The 5th-level Sor/Wiz spell lesser planar binding [conj] (Player’s Handbook 261-2) can bind a barghest (Monster Manual 22-3). The barghest’s feed supernatural ability reads, “When a barghest slays a humanoid opponent, it can feed on the corpse, devouring both flesh and life force, as a full-round action. Feeding destroys the victim’s body and prevents any form of raising or resurrection that requires part of the corpse. There is a 50% chance that a wish, miracle, or true resurrection spell can restore a devoured victim to life. Check once for each destroyed creature. If the check fails, the creature cannot be brought back to life by mortal magic.” That’s pretty intense, but only works when the creature’s humanoid and the barghest gets to slay the creature, exempting many high-level foes from the risk of permanent death via barghest feeding and making creatures who’ve already become corpses still a problem.

Further, there’s a goddam unwillingly-bound barghest around. I’m of the opinion that things called by planar binding spells are always dicks and always have to be paid or won over. The caster has absolutely kidnapped and trapped the creature, so no matter what the caster asks, the creature’s first answer is always, “No.” The creature always assumes a catch, hitch, or ulterior motive even if the offer is stupidly attractive—like eating dying humanoids to increase the bound creature’s own power.

The 6th-level Clr and 7th-level Sor/Wiz spell barghest’s feast [necro] (Spell Compendium 24) costs the caster a 5,000 gp diamond (the same as a raise dead spell!) to utterly destroy a corpse (no ashes, even) and applies a flat 50% chance that “mortal magic” can’t return the creature from the dead. This spell is just the right size for a high-Wisdom undead with the template spellstitched (Complete Arcane 162) to use 1/day. This note is for the DM not players.

The 7th-level Clr spell destruction [evoc] (Player’s Handbook 218) prevents all but the spells miracle and true resurrection, and “a carefully worded” wish spell followed by a resurrection spell from returning to life a creature killed by the spell.

The 7th-level spell finger of expulsion [conj] (Dragon #330 31) foils the raise dead spell, but getting the spell is tricky.

The 8th-level Sor/Wiz spell blackfire [evoc] (Spell Compendium 29-30) prevents all but the true resurrection and wish spells from bringing back a creature killed by the spell.

The 8th-level Clr and Sor/Wiz spell last judgment [necro] (Book of Exalted Deeds 102) bodily transports a creature now to the plane he’s headed to when he dies, yet a “true resurrection or miracle spell can restore life to a creature slain by this spell normally. A resurrection spell works only if the creature’s body can be recovered… before the resurrection is cast.” Yeah, so even though the creature’s not technically dead, it’s apparently dead enough. Whatever.
The 8th-level Clr spell plague of nightmares [ench] (Book of Vile Darkness 100-1) can reduce a creature to Charisma 0 at which point the creature “dies and is beyond even a true resurrection spell,” which is a little vague (what about reincarnate spells?), but as it makes no mention of the miracle or wish spells, those remain options.

The 9th-level Sor/Wiz spell Ensul’s soultheft [necro] (City of Splendors: Waterdeep 152-3) kills a creature when the spell reduces the creature’s Intelligence to 0, and the creature “cannot be brought back by raise dead, resurrection, or similar magic unless used in conjunction with a miracle or wish.”

The 9th-level Clr and Sor/Wiz spell necrotic termination [necro] (Libris Mortis 69) kills a creature so dead that “[r]aise dead, resurrection, true resurrection, wish, and miracle cannot return life to the subject […, and the subject] is gone forever.” This costs 1,000 XP and the subject must already have a necrotic cyst (a negative energy tumor created by a 2nd-level spell), so it’s a two-step process, but that creature is not returning to life in its current body.

The 9th-level cleric spell putrefaction [necro] (Dragon #300 56) magically ages a creature to death with no saving throw in at most 4 rounds, turns the corpse into a zombie, turns the soul into an evil ghost, and makes it so “only a carefully worded wish or miracle can reverse the effect.” Bonus: Most spells that return creatures from the dead can’t return creatures that died of old age. Other bonus: The zombie and ghost the spell creates are under the caster’s command and don’t count against his undead control limit. Even the 1d6 points of Constitution damage can be healed pretty easily, making this spell awesome.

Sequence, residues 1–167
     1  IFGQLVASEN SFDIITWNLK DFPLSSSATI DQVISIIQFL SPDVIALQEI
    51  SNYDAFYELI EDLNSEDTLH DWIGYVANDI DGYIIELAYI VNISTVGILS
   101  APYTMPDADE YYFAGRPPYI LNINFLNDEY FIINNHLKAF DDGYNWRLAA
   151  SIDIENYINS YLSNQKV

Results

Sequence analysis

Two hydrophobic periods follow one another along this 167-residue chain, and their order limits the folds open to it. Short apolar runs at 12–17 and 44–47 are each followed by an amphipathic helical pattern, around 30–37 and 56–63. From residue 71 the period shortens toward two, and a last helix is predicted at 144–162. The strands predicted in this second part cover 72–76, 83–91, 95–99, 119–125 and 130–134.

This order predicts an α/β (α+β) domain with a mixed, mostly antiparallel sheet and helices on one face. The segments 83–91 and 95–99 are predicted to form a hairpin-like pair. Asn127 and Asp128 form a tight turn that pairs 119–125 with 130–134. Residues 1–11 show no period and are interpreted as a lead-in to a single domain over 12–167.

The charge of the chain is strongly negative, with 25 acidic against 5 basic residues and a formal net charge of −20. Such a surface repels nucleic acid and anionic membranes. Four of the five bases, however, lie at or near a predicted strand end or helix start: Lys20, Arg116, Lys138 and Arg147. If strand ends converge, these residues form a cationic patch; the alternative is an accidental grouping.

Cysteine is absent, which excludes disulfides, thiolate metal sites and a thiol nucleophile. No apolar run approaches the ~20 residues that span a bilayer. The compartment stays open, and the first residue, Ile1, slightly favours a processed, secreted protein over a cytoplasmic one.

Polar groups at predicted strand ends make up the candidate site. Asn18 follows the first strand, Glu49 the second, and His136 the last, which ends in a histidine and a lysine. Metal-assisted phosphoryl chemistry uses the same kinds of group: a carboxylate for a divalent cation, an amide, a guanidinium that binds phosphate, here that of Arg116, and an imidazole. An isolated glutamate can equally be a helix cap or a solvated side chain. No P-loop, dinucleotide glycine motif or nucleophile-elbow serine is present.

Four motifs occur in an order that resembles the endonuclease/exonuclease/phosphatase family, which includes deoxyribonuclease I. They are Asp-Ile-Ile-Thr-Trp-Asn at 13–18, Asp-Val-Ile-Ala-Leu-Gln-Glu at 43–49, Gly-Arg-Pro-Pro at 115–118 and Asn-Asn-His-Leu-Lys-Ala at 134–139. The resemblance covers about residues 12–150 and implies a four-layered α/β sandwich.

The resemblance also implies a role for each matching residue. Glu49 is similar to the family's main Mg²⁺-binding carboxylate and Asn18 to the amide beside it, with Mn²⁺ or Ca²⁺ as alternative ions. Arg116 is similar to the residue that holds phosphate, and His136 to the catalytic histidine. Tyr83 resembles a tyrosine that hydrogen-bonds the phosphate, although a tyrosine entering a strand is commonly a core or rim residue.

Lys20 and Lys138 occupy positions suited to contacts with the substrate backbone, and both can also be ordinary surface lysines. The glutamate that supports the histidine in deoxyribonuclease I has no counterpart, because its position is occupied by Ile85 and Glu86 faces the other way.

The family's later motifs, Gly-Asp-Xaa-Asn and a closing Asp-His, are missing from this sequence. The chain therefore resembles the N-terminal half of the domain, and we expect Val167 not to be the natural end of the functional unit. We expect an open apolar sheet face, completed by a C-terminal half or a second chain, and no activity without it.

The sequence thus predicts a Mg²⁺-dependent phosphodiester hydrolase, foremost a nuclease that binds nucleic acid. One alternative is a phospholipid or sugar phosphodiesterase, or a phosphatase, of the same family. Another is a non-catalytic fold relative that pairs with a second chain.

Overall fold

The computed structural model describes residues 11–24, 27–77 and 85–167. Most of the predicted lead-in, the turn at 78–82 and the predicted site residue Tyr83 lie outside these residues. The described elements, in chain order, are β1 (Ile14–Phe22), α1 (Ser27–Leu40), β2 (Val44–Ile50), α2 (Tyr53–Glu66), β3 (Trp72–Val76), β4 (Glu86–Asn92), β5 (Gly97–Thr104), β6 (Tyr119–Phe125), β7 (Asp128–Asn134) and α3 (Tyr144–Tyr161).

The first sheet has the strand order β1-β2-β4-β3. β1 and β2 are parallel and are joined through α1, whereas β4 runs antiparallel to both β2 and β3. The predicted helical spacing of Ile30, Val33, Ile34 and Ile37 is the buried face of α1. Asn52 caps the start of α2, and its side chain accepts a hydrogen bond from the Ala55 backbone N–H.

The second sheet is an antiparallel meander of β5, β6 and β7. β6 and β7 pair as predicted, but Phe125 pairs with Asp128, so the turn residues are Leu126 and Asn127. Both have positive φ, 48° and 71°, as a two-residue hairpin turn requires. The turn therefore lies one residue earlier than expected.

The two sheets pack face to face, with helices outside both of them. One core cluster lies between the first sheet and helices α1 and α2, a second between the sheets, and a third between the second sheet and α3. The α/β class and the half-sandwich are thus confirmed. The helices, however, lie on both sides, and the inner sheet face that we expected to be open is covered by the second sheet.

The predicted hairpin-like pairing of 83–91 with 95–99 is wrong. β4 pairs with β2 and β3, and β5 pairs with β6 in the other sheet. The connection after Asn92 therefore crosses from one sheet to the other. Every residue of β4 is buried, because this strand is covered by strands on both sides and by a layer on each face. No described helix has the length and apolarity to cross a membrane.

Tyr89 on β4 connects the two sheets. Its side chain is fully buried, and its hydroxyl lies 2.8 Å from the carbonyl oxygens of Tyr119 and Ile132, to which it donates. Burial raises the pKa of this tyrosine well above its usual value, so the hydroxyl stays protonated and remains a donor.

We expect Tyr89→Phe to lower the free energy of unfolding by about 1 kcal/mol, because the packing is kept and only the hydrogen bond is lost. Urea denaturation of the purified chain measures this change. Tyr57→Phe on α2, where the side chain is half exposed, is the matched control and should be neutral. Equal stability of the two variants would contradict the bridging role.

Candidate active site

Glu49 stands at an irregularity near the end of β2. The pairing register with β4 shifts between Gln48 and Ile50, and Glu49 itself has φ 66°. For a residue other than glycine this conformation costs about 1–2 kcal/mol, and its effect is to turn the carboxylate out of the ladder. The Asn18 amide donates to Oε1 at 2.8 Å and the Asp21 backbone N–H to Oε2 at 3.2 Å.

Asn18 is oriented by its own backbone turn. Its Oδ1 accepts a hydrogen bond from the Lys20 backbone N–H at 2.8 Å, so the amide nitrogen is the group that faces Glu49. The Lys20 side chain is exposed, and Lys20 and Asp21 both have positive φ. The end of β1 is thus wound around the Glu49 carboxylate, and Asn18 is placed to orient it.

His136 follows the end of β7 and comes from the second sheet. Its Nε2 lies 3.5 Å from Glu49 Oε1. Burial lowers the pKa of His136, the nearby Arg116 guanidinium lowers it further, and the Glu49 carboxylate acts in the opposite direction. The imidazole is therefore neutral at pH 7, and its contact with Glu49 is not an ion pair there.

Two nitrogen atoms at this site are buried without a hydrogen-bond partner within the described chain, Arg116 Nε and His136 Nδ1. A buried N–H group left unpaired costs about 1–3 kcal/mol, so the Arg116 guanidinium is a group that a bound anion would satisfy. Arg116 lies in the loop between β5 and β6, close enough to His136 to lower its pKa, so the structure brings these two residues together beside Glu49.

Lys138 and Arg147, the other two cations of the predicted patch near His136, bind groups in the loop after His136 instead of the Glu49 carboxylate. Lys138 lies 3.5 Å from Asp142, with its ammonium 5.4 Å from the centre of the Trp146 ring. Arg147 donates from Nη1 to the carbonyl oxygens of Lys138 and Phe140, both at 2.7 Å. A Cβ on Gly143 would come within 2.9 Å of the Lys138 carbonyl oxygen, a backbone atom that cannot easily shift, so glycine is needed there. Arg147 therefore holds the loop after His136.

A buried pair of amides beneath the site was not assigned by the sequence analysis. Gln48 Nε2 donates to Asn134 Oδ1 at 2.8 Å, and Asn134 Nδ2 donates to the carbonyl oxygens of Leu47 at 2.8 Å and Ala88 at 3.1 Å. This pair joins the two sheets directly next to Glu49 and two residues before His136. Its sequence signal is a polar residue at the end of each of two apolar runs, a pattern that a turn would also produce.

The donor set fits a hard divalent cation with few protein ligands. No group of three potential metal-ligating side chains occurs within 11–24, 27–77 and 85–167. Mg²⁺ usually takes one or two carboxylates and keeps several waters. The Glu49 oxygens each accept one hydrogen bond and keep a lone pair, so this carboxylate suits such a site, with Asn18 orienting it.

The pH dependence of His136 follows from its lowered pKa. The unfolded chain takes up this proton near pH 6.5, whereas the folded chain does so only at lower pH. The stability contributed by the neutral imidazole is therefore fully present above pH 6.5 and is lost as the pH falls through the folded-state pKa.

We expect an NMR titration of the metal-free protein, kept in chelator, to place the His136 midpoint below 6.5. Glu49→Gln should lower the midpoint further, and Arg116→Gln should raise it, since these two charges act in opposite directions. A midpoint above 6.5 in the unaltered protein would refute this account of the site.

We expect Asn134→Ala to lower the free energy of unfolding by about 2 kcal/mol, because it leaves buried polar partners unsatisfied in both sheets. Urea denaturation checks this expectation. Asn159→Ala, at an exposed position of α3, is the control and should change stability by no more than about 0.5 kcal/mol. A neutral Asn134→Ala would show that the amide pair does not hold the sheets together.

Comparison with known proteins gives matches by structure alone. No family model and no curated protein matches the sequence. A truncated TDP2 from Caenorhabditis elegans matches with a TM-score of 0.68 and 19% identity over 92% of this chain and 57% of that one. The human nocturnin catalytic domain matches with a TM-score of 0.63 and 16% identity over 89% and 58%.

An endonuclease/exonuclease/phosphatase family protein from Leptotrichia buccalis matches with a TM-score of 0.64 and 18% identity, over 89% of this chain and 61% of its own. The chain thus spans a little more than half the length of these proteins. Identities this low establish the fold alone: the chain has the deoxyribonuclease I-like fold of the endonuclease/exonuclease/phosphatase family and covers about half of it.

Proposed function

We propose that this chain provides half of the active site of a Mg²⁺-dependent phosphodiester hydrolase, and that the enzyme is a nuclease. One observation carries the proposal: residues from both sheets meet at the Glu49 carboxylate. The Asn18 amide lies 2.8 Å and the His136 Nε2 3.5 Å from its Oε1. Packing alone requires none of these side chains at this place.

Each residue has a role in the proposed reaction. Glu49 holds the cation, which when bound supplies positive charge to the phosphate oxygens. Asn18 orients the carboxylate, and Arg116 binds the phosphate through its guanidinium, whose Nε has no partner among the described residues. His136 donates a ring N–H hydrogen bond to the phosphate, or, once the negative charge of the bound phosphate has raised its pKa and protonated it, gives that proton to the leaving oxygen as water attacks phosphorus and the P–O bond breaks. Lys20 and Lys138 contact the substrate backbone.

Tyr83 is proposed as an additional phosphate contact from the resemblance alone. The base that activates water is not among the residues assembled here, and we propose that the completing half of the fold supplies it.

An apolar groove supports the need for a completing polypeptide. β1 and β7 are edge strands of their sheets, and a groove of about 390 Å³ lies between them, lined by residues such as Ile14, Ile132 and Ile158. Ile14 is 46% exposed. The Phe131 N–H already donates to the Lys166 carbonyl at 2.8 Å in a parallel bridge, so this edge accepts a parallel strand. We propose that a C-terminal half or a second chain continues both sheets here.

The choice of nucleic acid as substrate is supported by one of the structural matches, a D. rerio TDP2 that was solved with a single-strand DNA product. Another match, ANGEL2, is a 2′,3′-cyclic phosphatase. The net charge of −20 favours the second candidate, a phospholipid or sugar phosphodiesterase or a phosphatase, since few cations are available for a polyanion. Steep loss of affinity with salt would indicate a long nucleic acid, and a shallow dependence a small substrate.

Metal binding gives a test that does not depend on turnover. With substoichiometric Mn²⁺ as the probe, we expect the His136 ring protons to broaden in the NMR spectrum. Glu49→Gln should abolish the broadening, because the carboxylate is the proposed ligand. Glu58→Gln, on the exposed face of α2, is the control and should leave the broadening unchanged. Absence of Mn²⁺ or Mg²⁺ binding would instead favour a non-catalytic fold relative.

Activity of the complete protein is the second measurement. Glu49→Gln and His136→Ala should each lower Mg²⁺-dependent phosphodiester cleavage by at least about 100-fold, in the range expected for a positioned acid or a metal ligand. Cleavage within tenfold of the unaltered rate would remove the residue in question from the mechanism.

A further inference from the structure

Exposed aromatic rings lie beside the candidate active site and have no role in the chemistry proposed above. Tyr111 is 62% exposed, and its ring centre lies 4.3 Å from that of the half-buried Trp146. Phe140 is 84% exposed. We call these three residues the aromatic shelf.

This list is undoubtedly incomplete because finding spells that do this requires reading every spell. Were I to rewrite the Dungeons and Dragons 3.X rules, I’d standardize this language using keys like almost dead, slightly dead, seriously dead, and forever dead instead of the messy, messy language that’s used here.

Sidebar—Unconscious Creatures: In a curiously sympathetic nod to date rapists, in Dungeons and Dragons 3.X “[u]nconscious creatures are automatically considered willing” (Player’s Handbook 175) for the purposes of saving throws versus spells. It’s already been established that dead creatures are creatures with the dead condition, not objects, so spells can be cast willy-nilly on dead creatures, and they get no saving throws. While spells that create new bodies eliminate the effects of curses (probably—it’s not clear), diseases, and poisons and, unless otherwise specified, have full hp and no ability damage, the raise dead, resurrection, and true resurrection spells cure only nonmagical poisons and nonmagical diseases and only raise to 1 damaged ability scores reduced to 0. This means dead creatures can be the subjects of many long-lasting, permanent, and instantaneous effects while they’re dead to—cue evil laughter—welcome them upon their eventual return.

Sidebar—Old Age: When a creature dies of old age, it can’t be returned from the dead. However, reincarnate spells specifically create “an entirely new young adult body for the soul to inhabit,” strongly implying that death via old age is physical not mental and that some god doesn’t have a cosmic loom and snips the thread that makes creature forever dead by old age. In other words, if death from old age is a concern, before you die of old age, kill yourself and get a druid to cast reincarnate or true reincarnation on your corpse Yes, you might end up a troglodyte, but you’ll be a young adult troglodyte. This also means some druids—especially elven ones—are really freakin’ old. You’ve been warned.

Next: More preventative measures.

Submit "High-level Play, Part 8" to Digg Submit "High-level Play, Part 8" to Submit "High-level Play, Part 8" to StumbleUpon Submit "High-level Play, Part 8" to Google